It is common for minerals from your tap water to leave deposits on your household appliances, especially those with heating elements. The coffee maker's hot plate, an electric stove's heating coils, and the plate of a mug warmer are all prime examples of heating elements that come into frequent contact with water. Cleaning calcified heating elements does not necessitate toxic, heavy-duty chemicals that stink up the room and require the use of rubber gloves. Using a common, nontoxic acid found in every home -- vinegar -- accomplishes the job nicely.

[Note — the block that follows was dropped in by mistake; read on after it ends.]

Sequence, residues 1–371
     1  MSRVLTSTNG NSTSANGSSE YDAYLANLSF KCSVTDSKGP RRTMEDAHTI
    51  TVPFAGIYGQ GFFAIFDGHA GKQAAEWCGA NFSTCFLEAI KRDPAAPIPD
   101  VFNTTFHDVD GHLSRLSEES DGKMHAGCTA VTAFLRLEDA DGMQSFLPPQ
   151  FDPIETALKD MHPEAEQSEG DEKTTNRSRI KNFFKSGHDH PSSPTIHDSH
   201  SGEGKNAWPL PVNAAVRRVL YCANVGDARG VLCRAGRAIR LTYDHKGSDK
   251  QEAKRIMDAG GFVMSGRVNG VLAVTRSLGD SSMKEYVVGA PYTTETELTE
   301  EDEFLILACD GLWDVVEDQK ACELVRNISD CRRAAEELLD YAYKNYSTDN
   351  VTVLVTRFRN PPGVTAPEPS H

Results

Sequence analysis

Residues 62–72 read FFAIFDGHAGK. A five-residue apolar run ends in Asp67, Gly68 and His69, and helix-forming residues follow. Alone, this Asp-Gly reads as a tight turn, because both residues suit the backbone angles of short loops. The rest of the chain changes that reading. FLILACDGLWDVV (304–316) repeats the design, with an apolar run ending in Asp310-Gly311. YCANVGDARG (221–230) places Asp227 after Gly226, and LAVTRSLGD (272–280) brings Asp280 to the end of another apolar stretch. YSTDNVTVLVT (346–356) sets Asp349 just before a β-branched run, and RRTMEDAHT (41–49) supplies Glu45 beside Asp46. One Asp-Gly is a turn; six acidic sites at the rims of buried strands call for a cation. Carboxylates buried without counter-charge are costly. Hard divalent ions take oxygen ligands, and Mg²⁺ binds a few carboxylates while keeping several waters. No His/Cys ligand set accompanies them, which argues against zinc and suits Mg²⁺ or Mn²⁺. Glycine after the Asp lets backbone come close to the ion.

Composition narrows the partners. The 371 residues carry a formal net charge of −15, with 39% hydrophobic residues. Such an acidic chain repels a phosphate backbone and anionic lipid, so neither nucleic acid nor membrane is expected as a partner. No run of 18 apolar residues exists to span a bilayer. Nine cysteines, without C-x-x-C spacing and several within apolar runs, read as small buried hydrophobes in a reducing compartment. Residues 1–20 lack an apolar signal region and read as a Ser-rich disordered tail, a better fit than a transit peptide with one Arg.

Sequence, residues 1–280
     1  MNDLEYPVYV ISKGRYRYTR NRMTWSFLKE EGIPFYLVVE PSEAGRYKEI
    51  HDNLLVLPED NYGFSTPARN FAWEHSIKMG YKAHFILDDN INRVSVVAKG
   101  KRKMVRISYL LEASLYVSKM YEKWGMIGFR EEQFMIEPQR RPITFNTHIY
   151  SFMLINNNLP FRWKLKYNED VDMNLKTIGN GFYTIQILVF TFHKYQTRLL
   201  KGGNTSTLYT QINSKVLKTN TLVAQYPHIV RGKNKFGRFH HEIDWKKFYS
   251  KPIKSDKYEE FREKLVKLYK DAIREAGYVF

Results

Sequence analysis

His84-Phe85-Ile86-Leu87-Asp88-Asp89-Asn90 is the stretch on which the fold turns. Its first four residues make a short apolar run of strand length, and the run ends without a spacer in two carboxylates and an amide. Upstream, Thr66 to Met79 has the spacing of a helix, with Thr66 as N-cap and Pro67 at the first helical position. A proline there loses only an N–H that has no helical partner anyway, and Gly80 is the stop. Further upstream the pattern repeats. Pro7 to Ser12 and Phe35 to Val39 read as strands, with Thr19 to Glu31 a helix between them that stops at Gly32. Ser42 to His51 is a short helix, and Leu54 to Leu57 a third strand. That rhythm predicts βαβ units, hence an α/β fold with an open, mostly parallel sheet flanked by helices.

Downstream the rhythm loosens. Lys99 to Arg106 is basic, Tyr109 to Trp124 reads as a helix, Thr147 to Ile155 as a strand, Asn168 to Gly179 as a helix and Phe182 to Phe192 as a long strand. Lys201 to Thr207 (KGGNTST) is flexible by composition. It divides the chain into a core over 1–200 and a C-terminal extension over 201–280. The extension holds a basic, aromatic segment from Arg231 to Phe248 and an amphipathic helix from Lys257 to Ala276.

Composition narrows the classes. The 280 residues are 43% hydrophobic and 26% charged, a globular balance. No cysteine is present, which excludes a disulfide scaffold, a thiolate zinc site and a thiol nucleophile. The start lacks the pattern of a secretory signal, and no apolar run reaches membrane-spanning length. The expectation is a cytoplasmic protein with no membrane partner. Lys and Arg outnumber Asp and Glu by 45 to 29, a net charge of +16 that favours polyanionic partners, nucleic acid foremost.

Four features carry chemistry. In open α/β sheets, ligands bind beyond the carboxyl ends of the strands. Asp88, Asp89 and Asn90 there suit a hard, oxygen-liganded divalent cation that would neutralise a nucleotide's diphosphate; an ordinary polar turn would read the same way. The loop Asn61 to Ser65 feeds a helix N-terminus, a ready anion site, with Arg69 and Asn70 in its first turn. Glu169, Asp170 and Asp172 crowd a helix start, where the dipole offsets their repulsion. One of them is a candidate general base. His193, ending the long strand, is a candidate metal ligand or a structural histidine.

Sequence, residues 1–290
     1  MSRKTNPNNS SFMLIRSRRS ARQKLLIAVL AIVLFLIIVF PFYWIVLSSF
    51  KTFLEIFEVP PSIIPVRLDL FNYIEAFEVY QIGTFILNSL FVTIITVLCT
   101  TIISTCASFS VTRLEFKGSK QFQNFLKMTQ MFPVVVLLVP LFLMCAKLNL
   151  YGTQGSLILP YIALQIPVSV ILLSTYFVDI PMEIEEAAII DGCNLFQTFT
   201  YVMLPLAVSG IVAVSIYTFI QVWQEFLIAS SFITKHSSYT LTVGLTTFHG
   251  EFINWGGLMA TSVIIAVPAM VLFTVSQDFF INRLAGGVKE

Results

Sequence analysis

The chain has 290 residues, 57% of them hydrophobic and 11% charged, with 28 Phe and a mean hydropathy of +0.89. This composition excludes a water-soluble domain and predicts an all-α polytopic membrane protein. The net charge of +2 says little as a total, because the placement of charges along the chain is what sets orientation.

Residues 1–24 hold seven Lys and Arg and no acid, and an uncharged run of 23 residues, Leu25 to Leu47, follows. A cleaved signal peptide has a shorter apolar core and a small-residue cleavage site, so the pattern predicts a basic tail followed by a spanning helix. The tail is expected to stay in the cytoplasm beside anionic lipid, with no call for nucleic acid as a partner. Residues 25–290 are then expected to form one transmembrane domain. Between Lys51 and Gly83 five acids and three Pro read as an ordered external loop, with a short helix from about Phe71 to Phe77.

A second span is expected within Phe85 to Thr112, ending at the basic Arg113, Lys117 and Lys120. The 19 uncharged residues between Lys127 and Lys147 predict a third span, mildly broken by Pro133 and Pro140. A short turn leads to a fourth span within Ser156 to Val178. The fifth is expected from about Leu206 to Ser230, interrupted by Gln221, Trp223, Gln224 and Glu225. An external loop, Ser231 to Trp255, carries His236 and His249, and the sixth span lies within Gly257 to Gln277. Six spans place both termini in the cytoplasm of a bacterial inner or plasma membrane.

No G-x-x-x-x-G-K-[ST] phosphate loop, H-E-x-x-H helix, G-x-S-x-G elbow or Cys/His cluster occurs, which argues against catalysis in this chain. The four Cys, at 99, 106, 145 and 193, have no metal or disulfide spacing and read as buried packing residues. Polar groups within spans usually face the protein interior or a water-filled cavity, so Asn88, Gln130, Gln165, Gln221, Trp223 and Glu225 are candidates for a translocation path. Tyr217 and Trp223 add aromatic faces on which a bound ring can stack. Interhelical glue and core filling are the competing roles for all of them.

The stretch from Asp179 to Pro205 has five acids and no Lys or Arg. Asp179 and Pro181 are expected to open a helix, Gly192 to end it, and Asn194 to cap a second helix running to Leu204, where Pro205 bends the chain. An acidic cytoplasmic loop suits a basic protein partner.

Things You'll Need
- White distilled vinegar
- Old toothbrush
Turn off the appliance with the heating element, and unplug it from the outlet, if possible. Allow the heating element to cool completely before proceeding.
Wet a washcloth with white distilled vinegar, and lay the washcloth on the cooled heating element for five to 10 minutes.
Wipe off the heating element with the washcloth.
If any calcium deposits remain, wet a toothbrush with the white distilled vinegar, and scrub the heating element. Wipe the heating element with a clean washcloth to remove any debris.
Tips & Warnings
- Any vinegar smell will dissipate as the vinegar dries and evaporates.
- Frequently wipe your heating elements that come into contact with water to prevent calcium buildup.
- Always wait until the heating element is completely cooled before wiping it or cleaning it.
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